Practice a little: Explore which one of these square roots are rational or irrational:
  √7 ,   √8 ,   √49 ,   √65 ,   √121 ,   √100 ,   √101 .
Make a guess about which square roots are irrational and which are not!

Now, you may wonder that how do you know that √2 wouldn't have a pattern in the decimal sequence?  Maybe the pattern is very well hidden and is really long, billions of digits?  Even if you check it till million first digits, maybe the pattern is just longer than you were able to print the digits out with your computer?

Here is where mathematical proof comes in.  The proof that √2  is indeed irrational is usually found in college level texts, but it isn't that difficult to follow.  It does not rely on computers at all, but instead it is a 'proof by contradiction' - if √2  WAS a rational number, then we'd get a contradiction.  I encourage you to let your high school students study this proof since it is very illustrative of a typical proof in mathematics and is not very hard to follow: Proof that square root of 2 is an irrational number.

Where can you find special irrational numbers?

The answer to this depends on what you consider 'special'.  Mathematicians have proved that certain special numbers are irrational, for example Pi and e.  The number e is the base of natural logarithms.   It is irrational, just like Pi, and has the value 2.718281828459045235306....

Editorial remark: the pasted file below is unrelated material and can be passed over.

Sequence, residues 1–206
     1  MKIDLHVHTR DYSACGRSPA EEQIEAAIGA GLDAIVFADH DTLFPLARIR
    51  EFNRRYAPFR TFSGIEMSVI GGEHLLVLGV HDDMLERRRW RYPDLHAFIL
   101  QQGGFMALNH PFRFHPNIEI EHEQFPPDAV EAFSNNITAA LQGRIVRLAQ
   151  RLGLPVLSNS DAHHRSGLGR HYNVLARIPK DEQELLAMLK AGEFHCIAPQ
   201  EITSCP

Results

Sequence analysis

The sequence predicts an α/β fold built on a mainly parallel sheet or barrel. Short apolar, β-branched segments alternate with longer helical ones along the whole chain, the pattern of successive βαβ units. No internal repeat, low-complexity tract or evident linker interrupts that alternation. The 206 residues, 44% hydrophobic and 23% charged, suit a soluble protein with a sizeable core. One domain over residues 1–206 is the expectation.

It's not easy to just "come up" with such special numbers.  But you can easily find more irrational numbers after you've found that most square roots are irrational.  For example, what do you think of √2 + 1?  Is the result of that addition a rational or an irrational number?  How can you know?  What about other sums where you add one irrational number and one rational number, for example √5 + 1/4?

You can also add two irrational numbers, and the sum will be many times irrational.  Not always though; for example, e + (-e) = 0, and 0 is rational even though both e and -e are irrational.  Or, take 1 + √3 and 1 - √3 and add these two irrational numbers - what do you get?

Or, multiply/divide an irrational number by a rational number, and you get an irrational number.  For example, √7/10000 is an irrational number that is quite close to zero.  Yet another possibility to find irrational numbers is to multiply square roots or other irrational numbers.  Sometimes that results in a rational number though (when?).  Mathematicians have also studied what happens if you raise an irrational number to a rational or irrational power.

Yet more irrational numbers arise when you take logarithms, or calculate sines, cosines, and tangents.  They don't have any special names, but are just called "sine of 70 degrees" or "base 10 logarithm of 5" etc.  Your calculator will give you decimal approximations to these.

Which are more: rational or irrational numbers?

Now comes another one of the amazing things: there are multitudes of terminating decimal numbers and multitudes of non-terminating repeating decimals, but there are EVEN MORE non-terminating non-repeating decimals, or in other words irrational numbers. That is usually shown in college level mathematics courses.  In mathematical terms we say that the rational numbers are a countable set whereas the irrational numbers are an uncountable set.